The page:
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Chimamanda Ngozi Adichie was born on 15 September 1977 in Enugu, Nigeria, the fifth of six children to Igbo parents, Grace Ifeoma and James Nwoye Adichie. While the family’s ancestral hometown is Abba in Anambra State.

Chimamanda grew up in Nsukka, in the house formerly occupied by Nigerian writer Chinua Achebe. Chimamanda’s father, who is now retired, worked at the University of Nigeria, located in Nsukka. He was Nigeria’s first professor of statistics, and later became Deputy Vice-Chancellor of the University. Her mother was the first female registrar at the same institution.

Education Background

Chimamanda completed her secondary education at the University’s school, receiving several academic prizes. She went on to study medicine and pharmacy at the University of Nigeria for a year and a half. During this period, she edited The Compass, a magazine run by the University’s Catholic medical students.

At the age of nineteen, Chimamanda left for the United States. She gained a scholarship to study communication at Drexel University in Philadelphia for two years, and she went on to pursue a degree in communication and political science at Eastern Connecticut State University, where she also wrote articles for the university journal, the Campus Lantern. While in Connecticut, she stayed with her sister Ijeoma, who runs a medical practice close to the university.

Chimamanda graduated summa cum laude from Eastern in 2001, and then completed a master’s degree in creative writing at Johns Hopkins University, Baltimore.

Her Books

It was during her senior year at Eastern that she started working on her first novel, Purple Hibiscus, which was released in October 2003. The book has received wide critical acclaim: it was shortlisted for the Orange Fiction Prize (2004) and was awarded the Commonwealth Writers’ Prize for Best First Book (2005).

Her second novel, Half of a Yellow Sun (also the title of one of her short stories), is set before and during the Biafran War. It was published in August 2006 in the United Kingdom and in September 2006 in the United States. Like Purple Hibiscus, it has also been released in Nigeria.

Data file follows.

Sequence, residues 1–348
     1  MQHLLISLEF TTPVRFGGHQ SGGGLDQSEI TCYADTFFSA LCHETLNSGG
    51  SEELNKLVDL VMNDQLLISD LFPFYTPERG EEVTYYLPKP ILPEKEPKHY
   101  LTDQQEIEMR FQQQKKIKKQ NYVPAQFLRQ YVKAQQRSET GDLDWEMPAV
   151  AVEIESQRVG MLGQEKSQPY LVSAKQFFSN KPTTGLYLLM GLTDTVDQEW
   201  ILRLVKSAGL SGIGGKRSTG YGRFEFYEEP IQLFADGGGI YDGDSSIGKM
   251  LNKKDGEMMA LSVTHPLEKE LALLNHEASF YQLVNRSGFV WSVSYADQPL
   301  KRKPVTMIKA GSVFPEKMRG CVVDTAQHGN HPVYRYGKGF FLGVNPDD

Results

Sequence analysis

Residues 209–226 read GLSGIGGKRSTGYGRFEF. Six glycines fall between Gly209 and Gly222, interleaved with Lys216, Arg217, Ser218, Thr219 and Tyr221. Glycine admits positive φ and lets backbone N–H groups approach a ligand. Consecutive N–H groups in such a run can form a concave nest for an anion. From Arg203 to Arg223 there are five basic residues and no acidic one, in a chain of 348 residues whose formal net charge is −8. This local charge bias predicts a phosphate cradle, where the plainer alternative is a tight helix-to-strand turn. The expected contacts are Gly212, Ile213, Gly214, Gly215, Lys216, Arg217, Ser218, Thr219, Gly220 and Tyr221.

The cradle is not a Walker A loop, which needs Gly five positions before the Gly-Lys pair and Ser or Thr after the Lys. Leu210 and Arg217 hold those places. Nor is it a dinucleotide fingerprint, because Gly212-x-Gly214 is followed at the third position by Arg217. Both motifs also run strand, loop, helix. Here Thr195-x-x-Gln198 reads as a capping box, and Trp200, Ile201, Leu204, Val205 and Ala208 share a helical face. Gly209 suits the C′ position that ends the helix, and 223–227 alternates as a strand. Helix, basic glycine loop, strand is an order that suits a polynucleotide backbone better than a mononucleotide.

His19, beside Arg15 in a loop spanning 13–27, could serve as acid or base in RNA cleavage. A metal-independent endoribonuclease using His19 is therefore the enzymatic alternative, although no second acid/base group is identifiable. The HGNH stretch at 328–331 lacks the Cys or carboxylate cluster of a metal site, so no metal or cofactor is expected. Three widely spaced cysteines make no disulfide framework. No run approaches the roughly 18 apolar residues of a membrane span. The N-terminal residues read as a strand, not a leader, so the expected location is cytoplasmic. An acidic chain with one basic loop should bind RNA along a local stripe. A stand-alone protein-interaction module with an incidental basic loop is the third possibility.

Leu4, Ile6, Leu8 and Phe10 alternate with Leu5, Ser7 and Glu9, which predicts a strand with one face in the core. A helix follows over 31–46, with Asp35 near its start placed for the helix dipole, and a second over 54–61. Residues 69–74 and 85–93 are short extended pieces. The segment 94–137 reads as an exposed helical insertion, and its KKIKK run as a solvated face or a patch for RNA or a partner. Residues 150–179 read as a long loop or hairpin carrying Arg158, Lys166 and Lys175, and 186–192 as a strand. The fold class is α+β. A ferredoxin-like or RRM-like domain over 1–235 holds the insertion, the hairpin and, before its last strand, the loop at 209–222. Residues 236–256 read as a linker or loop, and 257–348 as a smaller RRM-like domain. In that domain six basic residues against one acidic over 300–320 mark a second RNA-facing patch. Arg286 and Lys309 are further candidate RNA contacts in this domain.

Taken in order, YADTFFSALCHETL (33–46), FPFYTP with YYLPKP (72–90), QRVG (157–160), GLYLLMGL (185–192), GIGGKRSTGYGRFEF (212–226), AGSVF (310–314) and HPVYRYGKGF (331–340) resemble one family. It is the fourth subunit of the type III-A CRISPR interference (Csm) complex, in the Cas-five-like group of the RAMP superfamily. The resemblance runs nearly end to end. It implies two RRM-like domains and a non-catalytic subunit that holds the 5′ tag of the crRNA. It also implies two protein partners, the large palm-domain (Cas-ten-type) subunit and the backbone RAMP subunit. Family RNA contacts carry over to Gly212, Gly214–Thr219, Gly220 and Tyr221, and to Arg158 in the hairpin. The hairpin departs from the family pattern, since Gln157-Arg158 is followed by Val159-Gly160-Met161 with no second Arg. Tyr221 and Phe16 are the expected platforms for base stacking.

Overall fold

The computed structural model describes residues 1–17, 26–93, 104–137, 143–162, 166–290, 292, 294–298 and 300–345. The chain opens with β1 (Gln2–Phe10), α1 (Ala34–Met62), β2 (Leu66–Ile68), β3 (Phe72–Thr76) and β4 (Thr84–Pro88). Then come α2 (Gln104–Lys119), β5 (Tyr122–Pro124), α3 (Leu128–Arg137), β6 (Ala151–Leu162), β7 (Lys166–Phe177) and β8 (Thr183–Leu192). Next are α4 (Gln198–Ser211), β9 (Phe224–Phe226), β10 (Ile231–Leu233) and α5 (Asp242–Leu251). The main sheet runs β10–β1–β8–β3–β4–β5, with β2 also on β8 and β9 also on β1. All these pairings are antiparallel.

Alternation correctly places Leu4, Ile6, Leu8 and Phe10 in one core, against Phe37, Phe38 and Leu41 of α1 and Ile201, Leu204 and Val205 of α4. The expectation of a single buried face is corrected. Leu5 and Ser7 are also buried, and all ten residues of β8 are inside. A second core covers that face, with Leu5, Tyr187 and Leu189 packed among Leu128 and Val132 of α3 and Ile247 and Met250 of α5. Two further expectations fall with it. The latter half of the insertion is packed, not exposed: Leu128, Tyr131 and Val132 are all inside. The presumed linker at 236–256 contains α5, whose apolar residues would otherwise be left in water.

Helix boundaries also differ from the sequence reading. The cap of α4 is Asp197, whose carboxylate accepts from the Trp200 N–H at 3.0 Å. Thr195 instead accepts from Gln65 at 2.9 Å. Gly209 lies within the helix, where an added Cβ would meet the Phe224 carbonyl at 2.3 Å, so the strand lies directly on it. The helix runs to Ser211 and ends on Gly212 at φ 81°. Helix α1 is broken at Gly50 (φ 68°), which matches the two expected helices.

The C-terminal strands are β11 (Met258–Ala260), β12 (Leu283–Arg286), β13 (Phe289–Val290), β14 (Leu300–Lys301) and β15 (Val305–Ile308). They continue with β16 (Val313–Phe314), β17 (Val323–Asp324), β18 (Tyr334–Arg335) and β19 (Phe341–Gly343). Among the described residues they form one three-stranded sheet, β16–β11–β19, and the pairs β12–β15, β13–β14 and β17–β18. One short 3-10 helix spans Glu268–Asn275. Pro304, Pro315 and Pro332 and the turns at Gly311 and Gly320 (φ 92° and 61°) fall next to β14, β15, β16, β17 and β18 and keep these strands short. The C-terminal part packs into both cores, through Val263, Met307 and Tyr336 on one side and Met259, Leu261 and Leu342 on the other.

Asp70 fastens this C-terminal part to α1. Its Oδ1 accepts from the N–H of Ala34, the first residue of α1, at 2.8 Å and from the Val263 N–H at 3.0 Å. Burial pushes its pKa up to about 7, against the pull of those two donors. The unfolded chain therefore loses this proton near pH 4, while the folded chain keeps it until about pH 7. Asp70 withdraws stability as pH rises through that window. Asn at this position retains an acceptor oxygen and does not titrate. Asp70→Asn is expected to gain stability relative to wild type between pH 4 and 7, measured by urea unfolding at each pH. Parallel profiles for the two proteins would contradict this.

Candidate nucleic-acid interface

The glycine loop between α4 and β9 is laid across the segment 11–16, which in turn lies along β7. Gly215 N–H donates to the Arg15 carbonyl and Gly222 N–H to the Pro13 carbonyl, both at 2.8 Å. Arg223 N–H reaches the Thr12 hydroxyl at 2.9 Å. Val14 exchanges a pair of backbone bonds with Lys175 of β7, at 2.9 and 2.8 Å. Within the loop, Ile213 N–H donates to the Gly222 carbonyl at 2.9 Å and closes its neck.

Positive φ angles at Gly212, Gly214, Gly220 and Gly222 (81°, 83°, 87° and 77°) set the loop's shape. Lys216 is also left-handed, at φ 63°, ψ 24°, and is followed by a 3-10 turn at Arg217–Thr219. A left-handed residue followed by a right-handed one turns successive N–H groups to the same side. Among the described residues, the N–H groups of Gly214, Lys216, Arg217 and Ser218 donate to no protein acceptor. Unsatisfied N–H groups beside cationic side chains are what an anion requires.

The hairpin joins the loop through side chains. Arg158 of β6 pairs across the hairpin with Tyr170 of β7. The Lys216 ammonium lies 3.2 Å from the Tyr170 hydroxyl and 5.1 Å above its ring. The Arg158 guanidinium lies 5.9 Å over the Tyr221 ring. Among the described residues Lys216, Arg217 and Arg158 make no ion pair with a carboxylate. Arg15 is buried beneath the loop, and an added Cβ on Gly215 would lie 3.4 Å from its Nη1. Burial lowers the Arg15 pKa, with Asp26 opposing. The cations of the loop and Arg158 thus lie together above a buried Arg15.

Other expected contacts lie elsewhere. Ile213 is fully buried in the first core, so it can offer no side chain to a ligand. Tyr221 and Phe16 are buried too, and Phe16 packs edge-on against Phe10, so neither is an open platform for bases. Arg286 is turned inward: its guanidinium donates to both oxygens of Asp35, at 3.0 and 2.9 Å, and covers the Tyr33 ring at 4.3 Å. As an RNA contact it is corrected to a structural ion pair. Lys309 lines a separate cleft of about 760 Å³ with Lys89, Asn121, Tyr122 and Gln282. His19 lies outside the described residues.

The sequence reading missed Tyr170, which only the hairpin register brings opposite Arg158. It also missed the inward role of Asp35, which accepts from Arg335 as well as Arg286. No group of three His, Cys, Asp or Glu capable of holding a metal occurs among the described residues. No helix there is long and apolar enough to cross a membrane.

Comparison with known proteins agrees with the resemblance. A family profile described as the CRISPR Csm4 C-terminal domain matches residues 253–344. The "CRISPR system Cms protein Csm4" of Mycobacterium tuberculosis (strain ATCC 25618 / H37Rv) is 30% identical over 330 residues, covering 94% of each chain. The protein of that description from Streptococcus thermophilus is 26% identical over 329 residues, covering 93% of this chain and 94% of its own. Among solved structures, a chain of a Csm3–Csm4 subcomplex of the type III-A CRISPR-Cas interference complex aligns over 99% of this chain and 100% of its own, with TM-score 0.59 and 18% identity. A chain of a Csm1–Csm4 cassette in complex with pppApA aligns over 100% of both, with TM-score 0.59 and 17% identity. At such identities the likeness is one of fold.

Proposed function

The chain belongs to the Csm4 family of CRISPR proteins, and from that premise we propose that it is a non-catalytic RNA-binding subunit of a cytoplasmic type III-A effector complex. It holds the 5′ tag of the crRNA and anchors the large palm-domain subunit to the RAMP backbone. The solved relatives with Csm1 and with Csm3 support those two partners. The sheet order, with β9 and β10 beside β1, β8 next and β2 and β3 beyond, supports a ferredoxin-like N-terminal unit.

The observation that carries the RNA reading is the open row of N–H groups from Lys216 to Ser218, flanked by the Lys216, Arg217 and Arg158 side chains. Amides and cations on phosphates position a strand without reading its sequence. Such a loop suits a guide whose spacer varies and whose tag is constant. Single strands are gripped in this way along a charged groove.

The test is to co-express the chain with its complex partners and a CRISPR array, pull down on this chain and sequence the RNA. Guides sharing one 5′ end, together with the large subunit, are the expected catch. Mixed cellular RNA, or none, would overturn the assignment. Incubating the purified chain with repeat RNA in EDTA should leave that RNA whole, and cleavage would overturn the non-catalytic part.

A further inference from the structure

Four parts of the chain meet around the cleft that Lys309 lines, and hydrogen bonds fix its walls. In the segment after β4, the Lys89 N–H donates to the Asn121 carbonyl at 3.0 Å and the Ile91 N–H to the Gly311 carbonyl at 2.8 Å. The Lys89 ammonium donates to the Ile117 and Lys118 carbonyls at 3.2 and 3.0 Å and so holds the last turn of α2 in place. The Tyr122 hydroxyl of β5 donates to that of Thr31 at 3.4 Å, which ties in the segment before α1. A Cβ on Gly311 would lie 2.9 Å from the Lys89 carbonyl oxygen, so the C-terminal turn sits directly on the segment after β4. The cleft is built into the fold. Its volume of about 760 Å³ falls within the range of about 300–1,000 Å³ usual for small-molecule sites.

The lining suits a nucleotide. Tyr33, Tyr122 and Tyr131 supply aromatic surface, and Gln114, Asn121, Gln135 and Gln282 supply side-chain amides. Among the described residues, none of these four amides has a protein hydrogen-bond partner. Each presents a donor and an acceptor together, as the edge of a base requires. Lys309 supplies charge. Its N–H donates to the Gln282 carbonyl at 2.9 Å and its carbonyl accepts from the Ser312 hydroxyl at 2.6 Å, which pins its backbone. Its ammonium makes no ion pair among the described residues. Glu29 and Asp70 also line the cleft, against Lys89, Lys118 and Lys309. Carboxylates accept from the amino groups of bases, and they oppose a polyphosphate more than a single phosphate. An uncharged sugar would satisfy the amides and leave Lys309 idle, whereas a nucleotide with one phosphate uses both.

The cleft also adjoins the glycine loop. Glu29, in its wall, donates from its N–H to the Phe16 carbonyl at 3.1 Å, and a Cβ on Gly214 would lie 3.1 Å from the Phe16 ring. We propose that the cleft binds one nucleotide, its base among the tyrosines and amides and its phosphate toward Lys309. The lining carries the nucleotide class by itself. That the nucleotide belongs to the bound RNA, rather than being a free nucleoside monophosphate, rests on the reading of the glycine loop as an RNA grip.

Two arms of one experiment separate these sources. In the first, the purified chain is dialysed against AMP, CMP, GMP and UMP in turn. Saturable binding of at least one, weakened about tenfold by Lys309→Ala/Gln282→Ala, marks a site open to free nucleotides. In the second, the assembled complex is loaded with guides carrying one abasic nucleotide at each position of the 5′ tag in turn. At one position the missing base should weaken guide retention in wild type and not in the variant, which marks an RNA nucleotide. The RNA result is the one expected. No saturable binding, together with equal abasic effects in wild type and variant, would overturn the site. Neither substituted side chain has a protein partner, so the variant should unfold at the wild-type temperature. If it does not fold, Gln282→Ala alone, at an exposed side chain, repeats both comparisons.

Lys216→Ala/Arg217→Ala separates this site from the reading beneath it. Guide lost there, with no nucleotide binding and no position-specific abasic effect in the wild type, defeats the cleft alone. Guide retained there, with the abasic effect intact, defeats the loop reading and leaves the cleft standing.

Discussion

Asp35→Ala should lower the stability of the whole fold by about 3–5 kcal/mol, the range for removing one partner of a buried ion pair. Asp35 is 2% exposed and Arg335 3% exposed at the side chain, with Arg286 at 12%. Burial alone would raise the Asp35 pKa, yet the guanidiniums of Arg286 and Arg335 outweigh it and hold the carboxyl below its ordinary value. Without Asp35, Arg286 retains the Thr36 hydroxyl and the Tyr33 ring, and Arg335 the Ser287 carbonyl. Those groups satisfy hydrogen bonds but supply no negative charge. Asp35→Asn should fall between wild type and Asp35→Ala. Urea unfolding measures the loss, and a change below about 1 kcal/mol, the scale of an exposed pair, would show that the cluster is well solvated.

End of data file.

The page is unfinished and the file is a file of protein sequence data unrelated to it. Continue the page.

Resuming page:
Chimamanda was a Hodder fellow at Princeton University during the 2005-2006 academic year, and earned an MA in African Studies from Yale University in 2008; her thesis was entitled ‘The Myth of “Culture”: Sketching the History of Igbo Women in Precolonial and Colonial Nigeria’. In 2011-2012, she was awarded a fellowship by the Radcliffe Institute for Advanced Study, Harvard University, which allowed her to finalize her third novel, Americanah. The book was released to great critical acclaim in 2013.

Chimamanda is now married and has a daughter. She divides her time between Nigeria, where she regularly teaches writing workshops, and the United States.

A list of the awards she has won

  • BBC Short Story Competition 2002 joint winner, for ‘That Harmattan Morning’
  • O. Henry Prize 2003, for ‘The American Embassy’
  • David T. Wong International Short Story Prize 2002/2003 (PEN Center Award), for ‘Half of a Yellow Sun’
  • Hurston/Wright Legacy Award 2004 (Best Debut Fiction Category), for Purple Hibiscus
  • Commonwealth Writers’ Prize 2005: Best First Book (Africa), for Purple Hibiscus
  • Commonwealth Writers’ Prize 2005: Best First Book (overall), for Purple Hibiscus
  • Anisfield-Wolf Book Award 2007 (fiction category), for Half of a Yellow Sun (joint winner with Martha Collins, for Blue Front)

More of Her Awards

  • PEN ‘Beyond Margins’ Award 2007, for Half of a Yellow Sun (joint winner with Ernest Hardy for his essay collection Blood Beats, Vol. 1, Harryette Mullen for her poetry anthology, Recyclopedia, and Alberto Ríos for his poetry collection, Theater of Night)
  • Orange Broadband Prize for Fiction 2007, for Half of a Yellow Sun
  • 2008 MacArthur Foundation ‘genius’ grant (along with 24 other winners)
  • 2009 International Nonino Prize
  • 2013 Chicago Tribune Heartland Prize (fiction category), for Americanah

Winner of the National Book Critics Circle Award 2013 (fiction category), for Americanah

Other Awards

  • Future Award (Young Person of the Year category), 2008
  • Girls Write Now Awards Groundbreaker honoree, 2015
  • Silverbird Special Achievement Award (joint winner with Desmond Majekodunmi and Alistair Soyode), 2016
  • Harper’s Bazaar’s Women of the Year Award, 2017
  • Recipient of the Leadership Award during The Women’s Center’s 32nd Annual Leadership Conference, 2018

Source: Cerep

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